- Overall, the through the gate support offered at LandWorks underlines what is missing in the current prison/probation model, which often fails to provide suitable accommodation, enough money for basic needs and links to services. As Fred comments on his release plan “Nobody but nobody bothered asking what I was going to do for accommodation and I’m over 55. There is a duty of care there. I know there is, but they’re not applying it. It’s the quickest way for offenders to re-offend.” (Fred Finishing Time). However, LandWorks also demonstrates the need for establishing trusting relationships with people who have their interests at heart as a LandWorks supporter notes “When a group of 'offenders' become individual humans with problems, it is easier to empathise and wish to see a better future for them.” (2019, Open Comments)
Q19: Are there any other areas relating to the Probation Reform Programme that you would like to brief the Committee on, that are not already covered by the Terms of Reference above? (If yes, please provide information)
- The LandWorks approach to resettlement as the ongoing evaluation of the scheme has shown (since 2015) clearly demonstrates ‘what works’ in supporting offenders into the community after punishment. The National Lottery Community Fund have published the LandWorks Evaluation document from 2018 as an example of best practice.https://www.tnlcommunityfund.org.uk/media/insights/documents/LandWorks-Evaluation-Report-Final-August-2018.pdf?mtime=20190813113820&focal=none
- They also praised the PeN project as “important for offering insights into the ongoing work at LandWorks (https://penprojectlandworks.org/) and it is very interesting particularly around some of the challenges and complexities for the group in terms of capturing journeys factoring in the complex natures of those you work with” (Reaching Communities Funding Officer, July 2019).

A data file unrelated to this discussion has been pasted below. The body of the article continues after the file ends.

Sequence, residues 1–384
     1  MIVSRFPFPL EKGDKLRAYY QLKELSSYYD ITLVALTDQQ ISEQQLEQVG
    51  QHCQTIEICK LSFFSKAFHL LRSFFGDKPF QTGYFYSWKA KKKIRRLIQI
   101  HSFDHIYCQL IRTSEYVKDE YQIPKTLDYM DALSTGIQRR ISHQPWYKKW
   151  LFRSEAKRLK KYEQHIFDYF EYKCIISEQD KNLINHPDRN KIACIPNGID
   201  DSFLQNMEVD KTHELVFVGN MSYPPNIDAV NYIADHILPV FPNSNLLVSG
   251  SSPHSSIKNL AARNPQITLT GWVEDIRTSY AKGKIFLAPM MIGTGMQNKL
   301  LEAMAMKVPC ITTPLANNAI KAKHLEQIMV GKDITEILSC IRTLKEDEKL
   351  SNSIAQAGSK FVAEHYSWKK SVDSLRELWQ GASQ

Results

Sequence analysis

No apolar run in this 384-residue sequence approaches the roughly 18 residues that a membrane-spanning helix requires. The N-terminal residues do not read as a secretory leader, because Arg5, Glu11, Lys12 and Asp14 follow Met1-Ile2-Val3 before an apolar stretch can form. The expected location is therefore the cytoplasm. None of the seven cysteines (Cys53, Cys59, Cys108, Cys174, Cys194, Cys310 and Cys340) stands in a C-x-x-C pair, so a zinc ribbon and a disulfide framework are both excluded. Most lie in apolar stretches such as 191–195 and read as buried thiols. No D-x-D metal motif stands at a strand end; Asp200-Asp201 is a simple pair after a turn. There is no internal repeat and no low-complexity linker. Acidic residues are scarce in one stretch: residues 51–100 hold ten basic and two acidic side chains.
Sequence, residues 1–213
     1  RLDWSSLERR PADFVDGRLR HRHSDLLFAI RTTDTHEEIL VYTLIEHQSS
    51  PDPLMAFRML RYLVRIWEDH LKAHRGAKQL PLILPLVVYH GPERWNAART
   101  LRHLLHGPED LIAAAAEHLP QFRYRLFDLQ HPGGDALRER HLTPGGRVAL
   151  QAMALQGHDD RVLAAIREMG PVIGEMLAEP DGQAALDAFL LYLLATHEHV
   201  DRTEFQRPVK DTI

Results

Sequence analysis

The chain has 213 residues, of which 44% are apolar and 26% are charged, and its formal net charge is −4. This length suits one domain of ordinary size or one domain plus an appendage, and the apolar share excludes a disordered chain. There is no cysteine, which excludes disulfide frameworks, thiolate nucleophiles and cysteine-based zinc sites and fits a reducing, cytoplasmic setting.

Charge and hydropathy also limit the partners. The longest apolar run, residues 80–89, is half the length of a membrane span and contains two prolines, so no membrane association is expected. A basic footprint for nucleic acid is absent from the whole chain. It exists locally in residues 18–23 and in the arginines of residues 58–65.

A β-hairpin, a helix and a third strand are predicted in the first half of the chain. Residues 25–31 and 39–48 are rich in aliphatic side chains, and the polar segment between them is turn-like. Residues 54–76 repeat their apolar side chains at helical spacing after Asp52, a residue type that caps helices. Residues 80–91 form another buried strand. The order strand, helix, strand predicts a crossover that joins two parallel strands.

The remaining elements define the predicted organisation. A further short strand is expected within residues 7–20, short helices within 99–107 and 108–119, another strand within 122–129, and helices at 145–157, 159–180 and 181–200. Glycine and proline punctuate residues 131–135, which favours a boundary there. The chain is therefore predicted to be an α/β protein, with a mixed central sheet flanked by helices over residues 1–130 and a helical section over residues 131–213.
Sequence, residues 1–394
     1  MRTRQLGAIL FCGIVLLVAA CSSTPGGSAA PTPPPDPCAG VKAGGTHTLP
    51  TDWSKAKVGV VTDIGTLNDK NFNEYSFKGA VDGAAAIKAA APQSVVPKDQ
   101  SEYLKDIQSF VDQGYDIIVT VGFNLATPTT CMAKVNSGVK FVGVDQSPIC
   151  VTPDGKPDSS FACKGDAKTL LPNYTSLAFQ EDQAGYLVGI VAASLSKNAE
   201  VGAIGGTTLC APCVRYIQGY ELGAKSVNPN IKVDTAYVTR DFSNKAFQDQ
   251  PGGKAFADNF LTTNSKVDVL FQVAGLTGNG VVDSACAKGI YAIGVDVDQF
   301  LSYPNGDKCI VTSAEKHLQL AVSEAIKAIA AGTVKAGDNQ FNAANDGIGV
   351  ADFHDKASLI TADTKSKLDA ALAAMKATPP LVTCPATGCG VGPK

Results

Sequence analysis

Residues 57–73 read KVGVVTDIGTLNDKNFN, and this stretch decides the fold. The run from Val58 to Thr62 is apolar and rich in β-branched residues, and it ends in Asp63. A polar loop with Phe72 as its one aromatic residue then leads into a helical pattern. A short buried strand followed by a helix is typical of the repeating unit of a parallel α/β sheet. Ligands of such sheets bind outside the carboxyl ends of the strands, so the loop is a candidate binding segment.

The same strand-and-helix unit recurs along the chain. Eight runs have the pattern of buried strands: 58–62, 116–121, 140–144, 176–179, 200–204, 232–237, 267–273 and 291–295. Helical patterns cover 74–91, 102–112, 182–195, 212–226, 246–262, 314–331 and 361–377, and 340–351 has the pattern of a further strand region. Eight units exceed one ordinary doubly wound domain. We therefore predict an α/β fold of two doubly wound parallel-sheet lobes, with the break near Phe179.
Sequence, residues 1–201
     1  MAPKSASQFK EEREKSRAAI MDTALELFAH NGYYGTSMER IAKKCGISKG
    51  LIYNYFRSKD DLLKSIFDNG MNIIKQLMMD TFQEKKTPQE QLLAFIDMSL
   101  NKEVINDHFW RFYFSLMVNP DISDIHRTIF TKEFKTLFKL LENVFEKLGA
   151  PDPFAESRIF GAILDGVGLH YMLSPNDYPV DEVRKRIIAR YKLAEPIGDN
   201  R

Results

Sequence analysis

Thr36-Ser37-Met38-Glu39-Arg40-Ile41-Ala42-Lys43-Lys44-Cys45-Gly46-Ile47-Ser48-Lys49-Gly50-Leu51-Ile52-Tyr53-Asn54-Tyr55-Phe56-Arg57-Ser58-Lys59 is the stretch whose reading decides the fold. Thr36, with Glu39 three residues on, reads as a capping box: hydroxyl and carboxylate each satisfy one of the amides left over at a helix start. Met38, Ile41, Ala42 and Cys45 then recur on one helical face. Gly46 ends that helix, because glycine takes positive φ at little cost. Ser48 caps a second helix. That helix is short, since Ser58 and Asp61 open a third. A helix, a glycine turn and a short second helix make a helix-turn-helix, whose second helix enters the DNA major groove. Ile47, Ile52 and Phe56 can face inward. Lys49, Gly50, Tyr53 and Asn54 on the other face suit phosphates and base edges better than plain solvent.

- Overall, there is a need to consider how best to help those who want to change. LandWorks develops bespoke resettlement plans with individuals that cater for their needs. This are practically focussed on issues such as helping to secure appropriate ID, providing a resettlement pack (toiletries and basic foodstuffs) on release, securing appropriate accommodation, help and advice with benefits and health care and addiction issues, alongside developing skills and offering advice to help with employment. Importantly, this all happens in one place with a dedicated team of people. However, the most important thing for successful resettlement is for those who are looking to change their lives to be given a supportive environment in which to do this. For many, institutionalised by the system they appreciate the rehumanising effects of being amongst people in a non-judgemental environment and who aren’t part of the system. Until they spend time at LandWorks, as Ryan says, “I didn’t realise how strange I had become” (SHI, 2015) and Helen says, “I think this type of place is the true meaning of rehabilitation. I think this is what it should be about. That’s why I think it’s such a good project. I’m learning something every day and learning new skills” (Helen_3_5_18 (23)).
- I understand LandWorks are also providing written evidence to the committee and I would echo their key message that “it is critical that the opportunity provided by the new probation reforms is used to foster a system that genuinely provides joined up interventions that reflect the reality of people’s lives in order to reduce reoffending and better protect the public.”